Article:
Trading: When Less is More

In trading more action and time spent watching screens is not necessarily rewarded with more profits. The majority of the time trading every day and watching every tick in price is not rewarded by making more money. Ed Seykota had some of the best annual returns for decades and traded strictly with end of day data. Nicolas Darvas also made millions by only placing trades after the market close. For small accounts the more you trade the more commissions you pay that can eat into profits. New traders can be tempted to make bad decisions intra-day when watching the market for hours on end. Some of the most profitable professional money managers were trend followers that executed quantified trend following systems that simply got on the right side of some trends and stayed there.

Trading does not reward the time you spent watching price action or how many times you entered and exited trades. The market rewards right action, following trends, buying big dips in price, creating trades with great potential risk/reward ratios, and your edge over other traders.

Over trading is when a trader takes a trade based on fear, greed, desperation, or ego instead of a valid entry signal. Over trading is due mostly to wanting to be profitable so bad that impulses are driving decisions instead of a trading plan. If a trader has an edge over the markets then they want to take the trades presented to them within their system parameters, the more signals the better. If a trader takes trades that are not based on robust entry parameters the more trades they take the quicker their undoing and demise.

  1. For smaller accounts over trading can rack up large commission costs that can eat into profitability.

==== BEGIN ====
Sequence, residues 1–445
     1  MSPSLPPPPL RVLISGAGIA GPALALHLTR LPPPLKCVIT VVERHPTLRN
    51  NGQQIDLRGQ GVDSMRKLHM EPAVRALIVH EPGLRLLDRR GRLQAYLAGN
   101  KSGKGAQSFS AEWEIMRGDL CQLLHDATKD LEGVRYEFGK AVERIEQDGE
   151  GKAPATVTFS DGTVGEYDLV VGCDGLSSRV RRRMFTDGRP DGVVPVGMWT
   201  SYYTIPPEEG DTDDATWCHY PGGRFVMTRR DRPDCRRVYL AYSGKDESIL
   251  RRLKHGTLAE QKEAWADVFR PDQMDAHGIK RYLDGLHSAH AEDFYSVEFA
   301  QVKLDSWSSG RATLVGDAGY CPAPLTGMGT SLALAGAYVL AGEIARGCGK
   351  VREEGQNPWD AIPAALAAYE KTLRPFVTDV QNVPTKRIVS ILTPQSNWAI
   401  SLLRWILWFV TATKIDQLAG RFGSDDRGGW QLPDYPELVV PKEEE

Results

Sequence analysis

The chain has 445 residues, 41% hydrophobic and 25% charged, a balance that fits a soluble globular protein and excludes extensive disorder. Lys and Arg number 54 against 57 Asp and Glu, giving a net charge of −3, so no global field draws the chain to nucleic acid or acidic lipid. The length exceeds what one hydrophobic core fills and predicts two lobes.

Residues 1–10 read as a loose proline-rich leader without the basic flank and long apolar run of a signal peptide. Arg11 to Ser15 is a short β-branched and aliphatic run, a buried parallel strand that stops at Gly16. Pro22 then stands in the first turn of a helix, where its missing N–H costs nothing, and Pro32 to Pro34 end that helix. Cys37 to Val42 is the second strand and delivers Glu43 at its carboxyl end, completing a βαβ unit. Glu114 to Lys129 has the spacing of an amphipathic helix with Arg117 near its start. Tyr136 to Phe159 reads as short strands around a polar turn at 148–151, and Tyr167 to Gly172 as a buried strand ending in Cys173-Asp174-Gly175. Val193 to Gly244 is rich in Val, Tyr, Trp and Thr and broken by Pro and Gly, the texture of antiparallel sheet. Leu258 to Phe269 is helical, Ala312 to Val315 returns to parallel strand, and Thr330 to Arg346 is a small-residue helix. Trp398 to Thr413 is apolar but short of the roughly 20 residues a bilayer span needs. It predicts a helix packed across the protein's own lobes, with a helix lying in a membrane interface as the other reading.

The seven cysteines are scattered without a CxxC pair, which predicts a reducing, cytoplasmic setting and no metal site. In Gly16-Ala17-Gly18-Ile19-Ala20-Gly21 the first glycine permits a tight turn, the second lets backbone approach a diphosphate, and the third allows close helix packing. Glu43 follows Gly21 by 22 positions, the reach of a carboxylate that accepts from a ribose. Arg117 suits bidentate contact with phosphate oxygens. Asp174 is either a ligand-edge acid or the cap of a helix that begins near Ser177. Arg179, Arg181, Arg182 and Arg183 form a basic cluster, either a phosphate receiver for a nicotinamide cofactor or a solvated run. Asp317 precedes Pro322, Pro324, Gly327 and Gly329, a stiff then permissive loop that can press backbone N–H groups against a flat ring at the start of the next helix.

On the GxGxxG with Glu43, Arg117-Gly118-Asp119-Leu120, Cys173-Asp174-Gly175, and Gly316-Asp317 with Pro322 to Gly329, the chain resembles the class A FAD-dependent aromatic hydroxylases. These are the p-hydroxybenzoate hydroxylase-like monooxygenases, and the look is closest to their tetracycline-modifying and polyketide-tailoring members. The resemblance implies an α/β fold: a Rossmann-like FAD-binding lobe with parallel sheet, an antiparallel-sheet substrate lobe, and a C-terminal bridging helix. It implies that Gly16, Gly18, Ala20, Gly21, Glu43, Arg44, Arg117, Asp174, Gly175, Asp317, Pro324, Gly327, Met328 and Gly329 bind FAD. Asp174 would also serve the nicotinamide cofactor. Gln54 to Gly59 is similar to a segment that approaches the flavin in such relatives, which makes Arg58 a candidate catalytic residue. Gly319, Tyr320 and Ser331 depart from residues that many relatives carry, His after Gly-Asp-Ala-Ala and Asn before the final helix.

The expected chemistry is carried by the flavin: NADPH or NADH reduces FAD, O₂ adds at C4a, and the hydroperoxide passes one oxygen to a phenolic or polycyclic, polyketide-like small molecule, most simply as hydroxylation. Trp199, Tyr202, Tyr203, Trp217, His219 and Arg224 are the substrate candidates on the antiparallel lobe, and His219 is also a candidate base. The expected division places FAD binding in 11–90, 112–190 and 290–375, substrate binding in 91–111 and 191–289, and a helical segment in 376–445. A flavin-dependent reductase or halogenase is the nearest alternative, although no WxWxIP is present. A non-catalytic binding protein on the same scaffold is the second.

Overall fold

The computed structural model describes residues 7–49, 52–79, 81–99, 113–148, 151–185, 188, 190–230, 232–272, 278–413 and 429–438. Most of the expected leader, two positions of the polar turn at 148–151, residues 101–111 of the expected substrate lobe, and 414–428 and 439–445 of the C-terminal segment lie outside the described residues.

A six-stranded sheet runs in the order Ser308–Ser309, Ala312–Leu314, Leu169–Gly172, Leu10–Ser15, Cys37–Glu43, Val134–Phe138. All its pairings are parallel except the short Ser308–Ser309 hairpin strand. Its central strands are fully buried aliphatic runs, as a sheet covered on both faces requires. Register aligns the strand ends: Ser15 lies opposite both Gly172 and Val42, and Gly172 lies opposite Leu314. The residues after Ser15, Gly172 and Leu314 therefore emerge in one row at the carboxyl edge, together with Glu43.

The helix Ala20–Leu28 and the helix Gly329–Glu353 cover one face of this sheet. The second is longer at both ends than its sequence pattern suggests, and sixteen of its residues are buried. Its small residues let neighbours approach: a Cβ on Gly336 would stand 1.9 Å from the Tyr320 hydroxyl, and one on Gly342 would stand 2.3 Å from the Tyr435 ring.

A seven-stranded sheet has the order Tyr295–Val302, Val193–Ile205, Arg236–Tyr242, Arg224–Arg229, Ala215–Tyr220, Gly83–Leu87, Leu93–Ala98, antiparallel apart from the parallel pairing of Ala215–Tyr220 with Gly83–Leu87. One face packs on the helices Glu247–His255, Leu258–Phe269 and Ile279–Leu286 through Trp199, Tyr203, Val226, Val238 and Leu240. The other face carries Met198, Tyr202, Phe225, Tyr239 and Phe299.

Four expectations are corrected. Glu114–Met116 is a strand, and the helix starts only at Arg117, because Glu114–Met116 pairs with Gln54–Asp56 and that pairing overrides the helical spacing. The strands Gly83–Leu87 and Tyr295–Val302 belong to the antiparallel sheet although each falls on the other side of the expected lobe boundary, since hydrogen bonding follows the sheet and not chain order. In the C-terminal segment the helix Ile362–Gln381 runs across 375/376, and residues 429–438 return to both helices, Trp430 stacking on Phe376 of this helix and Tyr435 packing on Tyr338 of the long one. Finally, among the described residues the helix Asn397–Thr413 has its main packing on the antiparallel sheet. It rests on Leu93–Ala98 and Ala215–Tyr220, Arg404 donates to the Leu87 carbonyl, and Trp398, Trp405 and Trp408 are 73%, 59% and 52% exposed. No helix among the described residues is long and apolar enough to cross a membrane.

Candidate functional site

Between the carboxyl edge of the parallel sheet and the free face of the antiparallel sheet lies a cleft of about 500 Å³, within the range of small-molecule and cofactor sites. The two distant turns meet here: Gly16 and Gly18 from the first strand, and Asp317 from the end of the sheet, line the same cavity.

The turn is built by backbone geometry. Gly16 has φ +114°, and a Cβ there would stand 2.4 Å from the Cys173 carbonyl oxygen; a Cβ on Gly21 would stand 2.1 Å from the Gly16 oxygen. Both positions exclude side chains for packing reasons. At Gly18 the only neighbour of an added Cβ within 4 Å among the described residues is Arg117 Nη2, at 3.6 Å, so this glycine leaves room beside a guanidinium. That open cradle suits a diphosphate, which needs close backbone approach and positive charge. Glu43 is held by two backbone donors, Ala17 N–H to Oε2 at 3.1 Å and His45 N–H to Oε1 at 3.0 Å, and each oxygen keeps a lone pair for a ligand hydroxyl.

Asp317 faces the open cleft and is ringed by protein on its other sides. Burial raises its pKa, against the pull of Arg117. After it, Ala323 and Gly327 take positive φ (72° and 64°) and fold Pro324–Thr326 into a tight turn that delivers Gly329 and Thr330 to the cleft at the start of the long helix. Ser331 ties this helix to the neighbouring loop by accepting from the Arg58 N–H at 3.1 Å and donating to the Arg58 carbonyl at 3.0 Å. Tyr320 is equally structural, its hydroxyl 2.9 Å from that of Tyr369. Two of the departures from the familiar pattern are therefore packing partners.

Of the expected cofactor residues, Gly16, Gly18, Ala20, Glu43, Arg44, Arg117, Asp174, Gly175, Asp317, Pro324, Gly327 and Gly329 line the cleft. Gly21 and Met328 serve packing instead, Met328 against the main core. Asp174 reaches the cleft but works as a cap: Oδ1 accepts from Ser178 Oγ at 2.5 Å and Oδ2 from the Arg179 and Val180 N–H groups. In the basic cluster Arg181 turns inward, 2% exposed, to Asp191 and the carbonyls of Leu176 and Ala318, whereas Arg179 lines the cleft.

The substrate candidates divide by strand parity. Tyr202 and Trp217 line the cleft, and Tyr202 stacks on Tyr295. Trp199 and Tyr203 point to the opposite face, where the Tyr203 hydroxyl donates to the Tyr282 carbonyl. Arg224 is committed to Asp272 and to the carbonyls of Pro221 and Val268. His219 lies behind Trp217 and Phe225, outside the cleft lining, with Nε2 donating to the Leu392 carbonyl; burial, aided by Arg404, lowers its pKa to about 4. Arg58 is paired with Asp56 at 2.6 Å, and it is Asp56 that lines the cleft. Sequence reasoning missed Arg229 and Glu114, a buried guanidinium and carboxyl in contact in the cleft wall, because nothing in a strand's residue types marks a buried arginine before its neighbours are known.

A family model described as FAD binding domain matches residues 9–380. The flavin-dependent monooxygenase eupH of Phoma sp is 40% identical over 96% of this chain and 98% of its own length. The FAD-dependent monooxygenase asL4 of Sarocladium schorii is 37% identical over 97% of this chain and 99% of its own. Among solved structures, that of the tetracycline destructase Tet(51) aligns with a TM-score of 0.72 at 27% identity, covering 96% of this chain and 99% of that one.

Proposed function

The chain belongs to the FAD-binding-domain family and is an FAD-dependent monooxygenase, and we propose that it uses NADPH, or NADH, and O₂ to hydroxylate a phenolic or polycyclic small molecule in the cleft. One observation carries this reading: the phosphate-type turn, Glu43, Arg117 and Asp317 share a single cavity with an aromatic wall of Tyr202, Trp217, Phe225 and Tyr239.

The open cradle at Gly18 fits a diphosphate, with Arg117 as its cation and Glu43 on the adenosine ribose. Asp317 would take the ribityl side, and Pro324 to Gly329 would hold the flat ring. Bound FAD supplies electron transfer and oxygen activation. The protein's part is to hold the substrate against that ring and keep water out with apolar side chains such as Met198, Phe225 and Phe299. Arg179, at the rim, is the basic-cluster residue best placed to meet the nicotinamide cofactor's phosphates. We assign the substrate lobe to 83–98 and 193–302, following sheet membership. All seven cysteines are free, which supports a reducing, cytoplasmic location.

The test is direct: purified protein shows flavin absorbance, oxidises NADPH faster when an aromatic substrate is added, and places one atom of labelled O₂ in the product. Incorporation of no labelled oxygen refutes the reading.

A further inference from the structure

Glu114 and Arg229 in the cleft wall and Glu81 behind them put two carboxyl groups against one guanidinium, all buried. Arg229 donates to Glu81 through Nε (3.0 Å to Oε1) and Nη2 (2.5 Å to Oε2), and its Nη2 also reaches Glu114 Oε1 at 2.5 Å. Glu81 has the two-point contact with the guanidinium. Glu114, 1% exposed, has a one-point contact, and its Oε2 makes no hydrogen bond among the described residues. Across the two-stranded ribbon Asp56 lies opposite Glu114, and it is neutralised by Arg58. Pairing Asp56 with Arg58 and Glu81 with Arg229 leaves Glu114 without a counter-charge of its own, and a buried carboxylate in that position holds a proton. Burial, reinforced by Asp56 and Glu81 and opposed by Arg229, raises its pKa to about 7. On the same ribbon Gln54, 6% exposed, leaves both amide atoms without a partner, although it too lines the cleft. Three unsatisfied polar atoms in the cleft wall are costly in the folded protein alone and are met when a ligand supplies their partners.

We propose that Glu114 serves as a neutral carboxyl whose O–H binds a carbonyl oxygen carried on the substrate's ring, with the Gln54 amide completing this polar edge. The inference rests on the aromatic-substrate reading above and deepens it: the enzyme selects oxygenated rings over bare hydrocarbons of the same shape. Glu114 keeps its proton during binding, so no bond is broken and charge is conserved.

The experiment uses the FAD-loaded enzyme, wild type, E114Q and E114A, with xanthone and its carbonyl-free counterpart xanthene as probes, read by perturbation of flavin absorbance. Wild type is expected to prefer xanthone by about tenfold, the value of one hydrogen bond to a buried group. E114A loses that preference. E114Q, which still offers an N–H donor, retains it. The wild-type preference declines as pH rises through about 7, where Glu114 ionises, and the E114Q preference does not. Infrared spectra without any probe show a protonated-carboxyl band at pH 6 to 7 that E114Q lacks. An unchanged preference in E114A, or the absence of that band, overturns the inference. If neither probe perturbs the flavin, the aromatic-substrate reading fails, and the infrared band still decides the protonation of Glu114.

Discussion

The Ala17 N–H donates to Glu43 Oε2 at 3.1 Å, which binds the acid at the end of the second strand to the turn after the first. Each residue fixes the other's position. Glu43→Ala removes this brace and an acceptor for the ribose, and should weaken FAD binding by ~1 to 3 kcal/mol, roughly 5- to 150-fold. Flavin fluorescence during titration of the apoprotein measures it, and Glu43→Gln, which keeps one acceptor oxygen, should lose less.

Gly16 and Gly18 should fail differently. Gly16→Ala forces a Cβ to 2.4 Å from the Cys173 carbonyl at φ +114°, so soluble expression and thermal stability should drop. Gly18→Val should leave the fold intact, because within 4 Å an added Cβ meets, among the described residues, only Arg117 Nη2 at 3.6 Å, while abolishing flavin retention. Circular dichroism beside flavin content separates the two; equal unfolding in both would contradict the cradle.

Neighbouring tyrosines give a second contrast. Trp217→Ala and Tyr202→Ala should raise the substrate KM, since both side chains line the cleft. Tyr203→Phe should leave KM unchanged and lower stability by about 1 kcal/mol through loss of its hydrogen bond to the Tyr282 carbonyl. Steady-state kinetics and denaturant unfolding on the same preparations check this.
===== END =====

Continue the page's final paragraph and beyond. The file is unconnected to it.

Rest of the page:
2. The bid/ask spread is an expense that pays the market makers at your expense. The more you trade the more you pay.
  3. The more you trade the more you can be front run and gamed by High Frequency Traders. You can beat High Frequency Traders with Low Frequency Trading. You avoid the noise they feed off of.
  4. Trading too much gets you into bad entries when you should have been waiting for good entries. Entries have to be based on signals and risk/reward ratios not the emotional chasing of gains.
  5. Over trading is bad trading. Generally over trading is the external results of bad internal self controls. It is the epitome of not having a trading plan, lacking discipline, and not following a trading plan. Over trading will cause you to lose faith in yourself as a trader with the discipline to follow a plan. Over trading can lead to mental ruin only take the right trades that meet your own guidelines and trading plan based on homework and research.

In most professions working more is what makes you more money. If you are paid for your time the more you work the more money you make. This does not transfer into trading. Over trading can be expensive in trading losses, losing in the bid/ask spread, and commission cost. The best trades come when you are patient and wait for the right entry signal and set up. More trading does not necessarily mean  more profits, it is usually means the opposite, losses.

Here are 10 productive things that you can do to improve your trading when the market is too dull, too volatile, or you are waiting for your entry signal.

  1. Back test new entry and exit parameters.
  2. Study charts of the best performing stocks in history.
  3. Study the charts of the worst market crashes.
  4. Study the charts of the strongest bull markets.
  5. Look at how your technical indicators perform on charts of indexes and stocks.
  6. Read trading books.
  7. Learn how to use all the functions in your charting platform.
  8. Read great trading blog articles.
  9. Listen to interviews with great traders.
  10. Chat with other traders.

These are better places to invest your time and energy than forcing trades that just aren’t there yet.